What was it like being a teenager in Washington, D.C., in 1968? Going to school? Hanging out with friends? Hearing about Dr. King’s assassination and the many responses? Participating in Resurrection City and demonstrations? How does that relate to youth’s experiences in the city 50 years later?
This summer, teens from the D.C. metro area spend five weeks looking back at this historic year through the lens of youth experience and culture, and curate an exhibition that shares their points of view. To broaden their understanding, participants travel to different D.C. neighborhoods and sites significant to 1968, visit museum exhibitions, and meet with artists, historians, and community members who were growing up during that time. To bridge a 50 year gap, teens interview older family members or people in their community about what their experience was like. After documenting their journey through photography, the teen participants become curators, pulling all of their experiences together, and reflect on how their lives in 2018 connect to 1968. Working in studio teams, they collaboratively and individually produce photographs, artwork, installations, and creative writing that express those reflections and connections. Meet Investigating Where We Live teen participants at the exhibition opening reception on Saturday, August 11, 1–3 pm.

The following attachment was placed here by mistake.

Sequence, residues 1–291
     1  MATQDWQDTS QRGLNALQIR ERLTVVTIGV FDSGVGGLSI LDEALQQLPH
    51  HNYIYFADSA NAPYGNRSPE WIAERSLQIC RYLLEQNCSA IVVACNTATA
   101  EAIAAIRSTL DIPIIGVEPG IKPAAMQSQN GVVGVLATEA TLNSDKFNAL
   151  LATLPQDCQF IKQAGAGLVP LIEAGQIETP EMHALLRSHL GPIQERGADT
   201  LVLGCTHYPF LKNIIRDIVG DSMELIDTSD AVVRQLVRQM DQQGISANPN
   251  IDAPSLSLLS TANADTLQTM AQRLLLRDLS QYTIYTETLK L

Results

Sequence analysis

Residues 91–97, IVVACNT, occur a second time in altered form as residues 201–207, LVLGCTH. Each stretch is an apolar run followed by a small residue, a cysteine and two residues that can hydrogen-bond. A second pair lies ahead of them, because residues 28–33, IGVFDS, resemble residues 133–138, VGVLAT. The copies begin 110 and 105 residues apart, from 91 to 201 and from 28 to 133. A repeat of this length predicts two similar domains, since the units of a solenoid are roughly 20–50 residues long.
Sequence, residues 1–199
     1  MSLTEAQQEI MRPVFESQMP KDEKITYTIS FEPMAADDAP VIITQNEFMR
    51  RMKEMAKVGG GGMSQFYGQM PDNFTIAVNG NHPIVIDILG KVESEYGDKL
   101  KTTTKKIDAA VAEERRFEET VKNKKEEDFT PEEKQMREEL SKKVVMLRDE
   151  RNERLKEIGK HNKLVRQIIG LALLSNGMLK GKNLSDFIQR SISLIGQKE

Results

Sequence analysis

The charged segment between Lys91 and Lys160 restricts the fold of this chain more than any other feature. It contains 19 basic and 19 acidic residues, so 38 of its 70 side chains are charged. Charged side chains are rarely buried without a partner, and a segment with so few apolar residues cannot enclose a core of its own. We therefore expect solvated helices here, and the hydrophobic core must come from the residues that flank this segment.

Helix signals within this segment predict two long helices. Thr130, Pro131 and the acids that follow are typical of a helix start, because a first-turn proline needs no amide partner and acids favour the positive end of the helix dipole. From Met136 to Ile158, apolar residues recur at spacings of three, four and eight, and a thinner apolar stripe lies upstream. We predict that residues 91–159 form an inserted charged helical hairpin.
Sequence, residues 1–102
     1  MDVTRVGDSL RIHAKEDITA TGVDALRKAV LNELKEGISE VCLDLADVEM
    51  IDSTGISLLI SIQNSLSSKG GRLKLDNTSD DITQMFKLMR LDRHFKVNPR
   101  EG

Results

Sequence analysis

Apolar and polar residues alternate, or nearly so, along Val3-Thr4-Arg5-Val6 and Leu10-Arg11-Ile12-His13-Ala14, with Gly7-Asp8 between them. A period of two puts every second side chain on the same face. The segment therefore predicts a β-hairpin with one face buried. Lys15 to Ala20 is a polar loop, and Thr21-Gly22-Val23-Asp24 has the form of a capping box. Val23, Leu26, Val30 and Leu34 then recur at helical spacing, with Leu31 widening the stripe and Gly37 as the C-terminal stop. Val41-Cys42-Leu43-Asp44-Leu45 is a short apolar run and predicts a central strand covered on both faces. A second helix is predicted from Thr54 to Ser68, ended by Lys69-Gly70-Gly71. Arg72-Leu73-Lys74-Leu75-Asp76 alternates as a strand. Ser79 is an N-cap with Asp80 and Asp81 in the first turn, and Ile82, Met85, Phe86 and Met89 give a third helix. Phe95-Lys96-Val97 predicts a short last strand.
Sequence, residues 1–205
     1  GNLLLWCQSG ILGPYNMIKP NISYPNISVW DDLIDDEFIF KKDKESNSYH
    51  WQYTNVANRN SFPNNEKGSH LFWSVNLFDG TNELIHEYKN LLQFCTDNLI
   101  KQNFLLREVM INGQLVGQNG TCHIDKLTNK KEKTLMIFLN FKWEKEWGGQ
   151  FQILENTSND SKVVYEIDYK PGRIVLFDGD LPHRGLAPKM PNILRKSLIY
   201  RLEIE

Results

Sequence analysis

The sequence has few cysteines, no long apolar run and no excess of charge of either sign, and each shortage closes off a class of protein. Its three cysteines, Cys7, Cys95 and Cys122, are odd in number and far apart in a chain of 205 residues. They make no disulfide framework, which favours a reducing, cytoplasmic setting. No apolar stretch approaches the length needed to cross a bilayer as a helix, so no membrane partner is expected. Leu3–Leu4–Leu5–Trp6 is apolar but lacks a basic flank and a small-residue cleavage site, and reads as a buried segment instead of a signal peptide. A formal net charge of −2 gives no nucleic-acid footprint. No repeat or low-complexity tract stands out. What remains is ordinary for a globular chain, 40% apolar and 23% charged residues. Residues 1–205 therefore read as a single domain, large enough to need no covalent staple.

Free. All ages. No registration required.